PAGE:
1. Short Version 3.30 (1979). As on all the 1979 and 1981 single releases, plus "Assemblage", "Special Edition" (Canadian EP), "The Singles" and "The Masters".
  2. Part 2 3.29 (1979). As on the 7" b-side of most 1979 versions of the single, plus the Japanese "Assemblage" 2-CD and "The Singles"
  3. Long Version 7.05 (1979). As on the original and 1981 issue 12" singles. Also on the Japanese 2-CD "Assemblage" and "The Singles".
  4. Mono version 3.30 (1979). Only on the USA promo 7", just the mono version of the usual (No1 on this list) mix.
  5. Remix 6.19 (1981). This first appeared on the Japanese "Assemblage" vinyl LP and on side 2 of the UK "Assemblage" cassette. It is the version with more synths than the rest, and an overall lighter and more oriental feel. It was a version done in 1979 by Giorgio Moroder, but maybe considered too electronic for release at the time. Also released on 12" vinyl and on a couple of different compilation CD's by Old Gold.
  6. 12" Remix 6.19 (1996). This is the same as above, but has one of the stereo channels "pushed" to both which accidentally created another remix! Only on the "In Vogue" CD.
  7. "A Souvenir From Japan" version 4.02 (1989). This is a shorter version of the 6.19 Extended Version, which also has some additional electronic percussion. It can only be found on the CD "A Souvenir From Japan".
  8. Special Remix 4.05 (1982). Only on the UK 7" single HANSA17 and "The Singles". This is the mix with the prominent fretless bass and missing verse.
  9. Extended Remix 7.05 (1982). 12" version of the above, only on HANSA1217 and "The Singles".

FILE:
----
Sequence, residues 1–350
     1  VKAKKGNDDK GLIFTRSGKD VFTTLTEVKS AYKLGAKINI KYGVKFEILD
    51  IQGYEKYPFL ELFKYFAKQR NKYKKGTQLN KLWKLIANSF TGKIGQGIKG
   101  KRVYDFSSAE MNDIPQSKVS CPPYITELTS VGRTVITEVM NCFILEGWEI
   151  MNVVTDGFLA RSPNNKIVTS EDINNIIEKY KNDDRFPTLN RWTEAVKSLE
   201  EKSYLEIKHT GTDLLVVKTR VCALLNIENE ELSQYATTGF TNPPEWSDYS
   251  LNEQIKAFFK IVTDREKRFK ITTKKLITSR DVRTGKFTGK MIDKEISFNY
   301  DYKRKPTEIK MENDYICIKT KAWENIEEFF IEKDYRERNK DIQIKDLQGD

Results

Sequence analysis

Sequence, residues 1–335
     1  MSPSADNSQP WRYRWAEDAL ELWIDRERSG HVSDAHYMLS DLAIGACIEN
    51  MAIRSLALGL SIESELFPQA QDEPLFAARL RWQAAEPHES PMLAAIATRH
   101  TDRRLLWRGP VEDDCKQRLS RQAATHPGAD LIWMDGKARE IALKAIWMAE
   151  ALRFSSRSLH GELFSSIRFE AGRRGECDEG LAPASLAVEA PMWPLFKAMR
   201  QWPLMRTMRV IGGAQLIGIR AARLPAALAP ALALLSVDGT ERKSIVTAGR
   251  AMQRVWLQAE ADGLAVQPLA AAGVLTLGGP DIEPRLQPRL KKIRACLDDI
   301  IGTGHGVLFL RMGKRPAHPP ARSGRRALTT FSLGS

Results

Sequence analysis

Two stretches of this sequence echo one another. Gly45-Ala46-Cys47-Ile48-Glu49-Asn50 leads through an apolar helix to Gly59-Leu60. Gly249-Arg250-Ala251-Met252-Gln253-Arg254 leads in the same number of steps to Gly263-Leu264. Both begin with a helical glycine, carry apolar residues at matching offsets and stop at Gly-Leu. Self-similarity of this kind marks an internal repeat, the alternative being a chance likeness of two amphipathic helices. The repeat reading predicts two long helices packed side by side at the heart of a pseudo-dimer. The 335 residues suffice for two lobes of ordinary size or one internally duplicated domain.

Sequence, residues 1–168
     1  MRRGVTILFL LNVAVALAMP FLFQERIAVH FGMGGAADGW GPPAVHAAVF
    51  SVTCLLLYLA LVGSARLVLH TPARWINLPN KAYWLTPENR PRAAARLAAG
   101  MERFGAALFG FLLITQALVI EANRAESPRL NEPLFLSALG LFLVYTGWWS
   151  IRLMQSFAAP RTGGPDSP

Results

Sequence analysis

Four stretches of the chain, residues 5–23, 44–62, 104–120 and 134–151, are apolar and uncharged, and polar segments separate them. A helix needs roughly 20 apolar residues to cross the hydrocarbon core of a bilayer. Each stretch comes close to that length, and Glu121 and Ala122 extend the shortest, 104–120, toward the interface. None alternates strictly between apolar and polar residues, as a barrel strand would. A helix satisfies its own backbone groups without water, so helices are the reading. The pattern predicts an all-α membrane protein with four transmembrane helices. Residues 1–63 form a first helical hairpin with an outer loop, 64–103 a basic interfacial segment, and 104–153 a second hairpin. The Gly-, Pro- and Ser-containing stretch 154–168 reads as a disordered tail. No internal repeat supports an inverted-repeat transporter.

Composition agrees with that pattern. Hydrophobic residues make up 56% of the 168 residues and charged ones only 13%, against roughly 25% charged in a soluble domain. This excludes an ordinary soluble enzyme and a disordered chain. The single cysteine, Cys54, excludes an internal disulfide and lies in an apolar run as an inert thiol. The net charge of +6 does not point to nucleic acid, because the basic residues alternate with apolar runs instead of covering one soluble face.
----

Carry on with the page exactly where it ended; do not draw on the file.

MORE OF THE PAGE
10. Theme 3.55 (1982). This was the b-side of the two above, the slowed down mix that plays normal at 78rpm. This can also be found on the Japanese 2-CD "Assemblage" and "The Singles".
  11. Sanny X Mix. Released to DJ's only, 1991.  


Where did Japan meet? Which school did they go to?
  • Japan (with the exception of Rob Dean) all attended Catford Secondary in Catford, London. Catford is part of the London Borough of Lewisham. David first met Steve when he was born (they are brothers), then David met Mick and Richard because they were in the same form at school. David and Mick spent more time together as Steve had his own set of friends and Richard, better at studies, was not always in the same classes. Rob Dean grew up in Hackney and met the band when he answered an advert for a guitarist in Melody Maker. He went 'round to David and Steve's house and was auditioned in Steve's bedroom. He played guitar along with David and, he says, "seemed to have got the job there and then" (quote from Bamboo 9). At around the same time that Rob joined the group, Richard also joined, having spent the intervening years working in Barclays Bank and competing in Tennis championships (he is a qualified coach).